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Thursday, Nov. 27, 2014

Your view: Simple solutions

Wednesday, February 18, 2004

Dear Mike:

Some thoughts from a barber shop where in the past a lot of problems have been solved: the deterioration of our town is of several reasons.

One is age. Many properties are 50-100 years old as well as the downtown commercial area. A lot of these properties haven't been maintained at all. Those owners should be required to update them or remove them at their expense.

The next reason is a culture change. The attitude has done a flip-flop in the last 30 years, especially the last five years, both in the workplace and rental areas. Because of that, there has to be a set of rules to follow, just like the stop sign.

We need to go revisit the rental ordinance and enforce the guidelines on both the property owner and the renter. Why not have the code officer not only drive by for the $15, but go in and record the condition of the residence and, if the owner needs to make repairs, do it. OK? Then if the renter does damage, the owner calls the code officer to compare conditions. There must be a way to make the owner and renter to comply. If the renter does damage big time (like in so many cases), he must be removed then and not be allowed another occupancy permit in town.

As it is now, the renter does damage, then moves down the street and does it all over again. The first sign of damage is parking in the yard and not on provided parking areas. The owner, regardless who he is, cannot keep up with repairs.

The next reason is trash pick up. Some towns or cities pick up everything. Why not instead of two major pickups a year couldn't it be done at least once a month? We wouldn't have mattresses, couches, etc., in yards and alleys for months. Most people don't have any means of hauling those items off. If it would require an additional fee, so be it.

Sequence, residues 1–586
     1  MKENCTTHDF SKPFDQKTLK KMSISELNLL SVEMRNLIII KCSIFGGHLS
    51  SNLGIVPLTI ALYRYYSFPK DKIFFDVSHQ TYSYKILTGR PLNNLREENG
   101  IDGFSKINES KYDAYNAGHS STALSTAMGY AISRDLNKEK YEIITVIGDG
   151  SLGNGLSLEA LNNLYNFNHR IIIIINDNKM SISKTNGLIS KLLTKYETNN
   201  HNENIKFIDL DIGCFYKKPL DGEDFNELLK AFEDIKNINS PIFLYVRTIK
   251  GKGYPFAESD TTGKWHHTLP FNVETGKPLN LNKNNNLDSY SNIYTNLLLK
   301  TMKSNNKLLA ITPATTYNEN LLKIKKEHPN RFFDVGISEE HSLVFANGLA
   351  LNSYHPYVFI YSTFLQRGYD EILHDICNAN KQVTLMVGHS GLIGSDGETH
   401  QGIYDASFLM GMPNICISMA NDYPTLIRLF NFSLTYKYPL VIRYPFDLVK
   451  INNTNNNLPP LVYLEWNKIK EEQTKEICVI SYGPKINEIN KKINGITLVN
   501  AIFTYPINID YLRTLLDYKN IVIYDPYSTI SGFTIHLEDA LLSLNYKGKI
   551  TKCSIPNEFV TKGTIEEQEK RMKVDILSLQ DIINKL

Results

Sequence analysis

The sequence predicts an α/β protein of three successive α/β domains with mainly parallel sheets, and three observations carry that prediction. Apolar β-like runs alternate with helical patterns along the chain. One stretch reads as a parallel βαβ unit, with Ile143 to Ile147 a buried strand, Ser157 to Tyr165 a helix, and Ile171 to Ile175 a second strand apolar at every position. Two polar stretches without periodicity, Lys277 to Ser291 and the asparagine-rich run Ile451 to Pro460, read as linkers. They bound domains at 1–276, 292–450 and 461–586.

The other item is the demolition of properties. There may be some cases where a house can be rehabilitated. Instead of paying $5,000 to haul it off, give me or someone else, $2,500 and deed and six to 12 months to get it to code and back on the market. Then the city would have a taxable base again. There are a lot of cases. The properties around one being hauled off is not much better. Why would anyone want to give anything for that vacant lot?

Perhaps instead of always trying to find state or federal grants (taxpayer money), try to encourage local private owners and the local labor force to rehab and maintain properties. You would then put more people to work, spend more money for local materials - that would create a contagious attitude of helping to beautify our town.

Thanks again to the City Council and staff for all the time and effort concerning our town.

Having been a property owner and resident here for 40-plus years, I hope we can see a change in the outcome of our town.

Harry Williams